To foster spiritual growth and healing, the group also builds churches where people can gather to worship. The organization additionally contributes to the economic and physical well-being of international communities by renovating or building new schools and hospitals in developing countries.
Since 1994, Jayne Lessard has worked with individuals, couples, families, and groups as a private-practice therapist in High Point, North Carolina. Outside of her work in the States, Jayne Lessard has provided her services to individuals in several African and Asian countries through Samaritan’s Purse, a nonprofit Christian organization that operates a range of assistance programs in countries throughout the world.
More than one year after Typhoon Haiyan tore through the Philippines, Samaritan’s Purse continues to work in the country to help individuals and families recover from the devastation that the storm left in its wake. The organization has been providing assistance in the Philippines since the typhoon made landfall on November 8, 2013, and has since shifted the focus of its work from emergency aid to long-term recovery projects.
In the days immediately following the storm, Samaritan’s Purse was in the country distributing food and clean water, as well as health and medical supplies. Today, the organization continues to help Filipinos with such needs while also leading projects to restore homes and livelihoods that many people lost in the typhoon.
The recipient of a master’s degree in clinical psychology from Wheaton College, Jayne Lessard provides care to patients as a counselor in High Point, North Carolina. Outside of her clinical work, Jayne Lessard enjoys running.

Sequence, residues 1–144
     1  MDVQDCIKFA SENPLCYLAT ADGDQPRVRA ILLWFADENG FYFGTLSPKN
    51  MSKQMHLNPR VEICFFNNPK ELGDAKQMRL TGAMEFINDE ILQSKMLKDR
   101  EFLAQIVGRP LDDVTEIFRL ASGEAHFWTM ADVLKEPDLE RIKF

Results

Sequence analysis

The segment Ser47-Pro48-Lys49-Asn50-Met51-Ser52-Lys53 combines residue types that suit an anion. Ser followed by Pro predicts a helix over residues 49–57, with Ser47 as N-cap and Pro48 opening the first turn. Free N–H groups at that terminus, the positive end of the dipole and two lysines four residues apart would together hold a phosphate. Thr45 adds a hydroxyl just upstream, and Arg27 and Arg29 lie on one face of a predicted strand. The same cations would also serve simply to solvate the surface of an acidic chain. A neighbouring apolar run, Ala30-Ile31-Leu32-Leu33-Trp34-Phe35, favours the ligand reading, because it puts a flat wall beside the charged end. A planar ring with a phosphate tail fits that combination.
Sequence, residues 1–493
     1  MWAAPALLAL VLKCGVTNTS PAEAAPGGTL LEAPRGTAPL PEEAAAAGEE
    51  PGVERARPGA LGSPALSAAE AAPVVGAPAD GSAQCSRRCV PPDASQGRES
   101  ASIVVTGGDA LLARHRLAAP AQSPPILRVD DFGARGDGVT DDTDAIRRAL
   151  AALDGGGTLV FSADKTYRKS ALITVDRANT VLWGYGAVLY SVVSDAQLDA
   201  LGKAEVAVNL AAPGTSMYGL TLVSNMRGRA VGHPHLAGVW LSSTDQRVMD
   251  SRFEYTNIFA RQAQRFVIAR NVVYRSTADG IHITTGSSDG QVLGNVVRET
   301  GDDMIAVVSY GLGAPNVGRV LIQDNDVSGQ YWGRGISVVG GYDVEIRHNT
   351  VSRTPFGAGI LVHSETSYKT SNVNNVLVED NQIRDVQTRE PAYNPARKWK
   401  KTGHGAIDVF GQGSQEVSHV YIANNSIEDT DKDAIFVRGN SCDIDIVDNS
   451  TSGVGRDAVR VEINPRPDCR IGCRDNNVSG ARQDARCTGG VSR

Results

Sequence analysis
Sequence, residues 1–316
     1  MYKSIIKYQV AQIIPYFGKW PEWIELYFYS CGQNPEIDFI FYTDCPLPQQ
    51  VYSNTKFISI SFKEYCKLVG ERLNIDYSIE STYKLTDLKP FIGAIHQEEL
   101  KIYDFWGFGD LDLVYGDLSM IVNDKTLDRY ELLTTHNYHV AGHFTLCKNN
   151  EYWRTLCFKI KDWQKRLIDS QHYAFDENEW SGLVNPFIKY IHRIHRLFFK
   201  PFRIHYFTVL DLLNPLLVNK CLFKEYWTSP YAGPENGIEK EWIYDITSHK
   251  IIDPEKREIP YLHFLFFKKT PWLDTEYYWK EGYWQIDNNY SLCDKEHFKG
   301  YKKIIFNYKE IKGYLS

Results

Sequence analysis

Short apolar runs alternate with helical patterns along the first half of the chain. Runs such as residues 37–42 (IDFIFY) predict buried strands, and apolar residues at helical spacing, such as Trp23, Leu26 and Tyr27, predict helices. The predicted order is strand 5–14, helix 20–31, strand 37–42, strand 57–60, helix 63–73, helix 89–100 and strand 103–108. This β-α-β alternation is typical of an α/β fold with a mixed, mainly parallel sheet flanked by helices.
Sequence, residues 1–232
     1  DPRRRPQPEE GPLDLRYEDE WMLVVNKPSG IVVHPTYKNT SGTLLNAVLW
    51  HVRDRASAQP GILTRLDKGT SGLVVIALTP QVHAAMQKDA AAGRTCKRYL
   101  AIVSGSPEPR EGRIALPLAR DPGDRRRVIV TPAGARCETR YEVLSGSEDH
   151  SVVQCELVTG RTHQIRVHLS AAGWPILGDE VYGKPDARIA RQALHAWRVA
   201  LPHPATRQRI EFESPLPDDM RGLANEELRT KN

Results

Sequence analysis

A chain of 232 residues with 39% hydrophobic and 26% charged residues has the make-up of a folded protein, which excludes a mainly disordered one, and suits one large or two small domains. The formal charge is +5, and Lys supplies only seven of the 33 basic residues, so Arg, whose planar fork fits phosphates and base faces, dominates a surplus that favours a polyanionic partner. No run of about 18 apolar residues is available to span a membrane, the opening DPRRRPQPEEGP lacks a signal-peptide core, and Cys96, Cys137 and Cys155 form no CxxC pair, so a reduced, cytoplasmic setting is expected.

One of the major concerns every runner faces is the threat of injury, a risk that can be minimized by proper stretching. Contrary to popular belief, recent sports science has revealed the stretching is much more effective following a run rather than before the run. Working the muscles and joints is easier when the body is warm and receptive to the elastic movements involved with stretching. In fact, some experts believe that stretching cold muscles and joints can actually heighten a runner’s risk of injury.
Warming up, meanwhile, is an equally important aspect of running that should occur before a workout. Because the body is less likely to be damaged when its temperature has risen, a runner should engage in warm-up activities designed to elevate his or her heart rate and further prepare his or her body for a run.
Jayne Lessard has provided her services as a licensed counselor to patients in and around the High Point, North Carolina, for more than two decades. Jayne Lessard’s professional experience also includes leading the Montreat Anderson College women’s varsity basketball team as head coach.
One of a basketball coach’s most important jobs is managing his or her rotation, the term used to describe the number of players active during a game and how many minutes they spend on the floor. Every basketball team features five starters who generally log more minutes than other players on the team. Starters, naturally, begin the game on the floor to start each half and, in most cases, are the five players to finish a game. A starter, however, can be supplanted in terms of total minutes by the team’s sixth man. Despite the title, a sixth man is often more skilled a player than some of the team’s starters; however, many coaches value bringing an offensive spark off the bench to handle the ball or lead the second unit when the starters are resting.
The remainder of minutes are absorbed by rotation players and bench warmers. A rotation, or role, player generally serves a specific function and may see as many minutes as a starter or no playing time at all depending on the matchup. A tall rim protector, for example, can be valuable against certain teams but rendered a liability by teams fielding smaller, quicker lineups. Moreover, a bench warmer is either a young, inexperienced player or a veteran who has been eclipsed in terms of production by his or her teammates. Bench players only see the floor in blowouts or in cases of injury to teammates.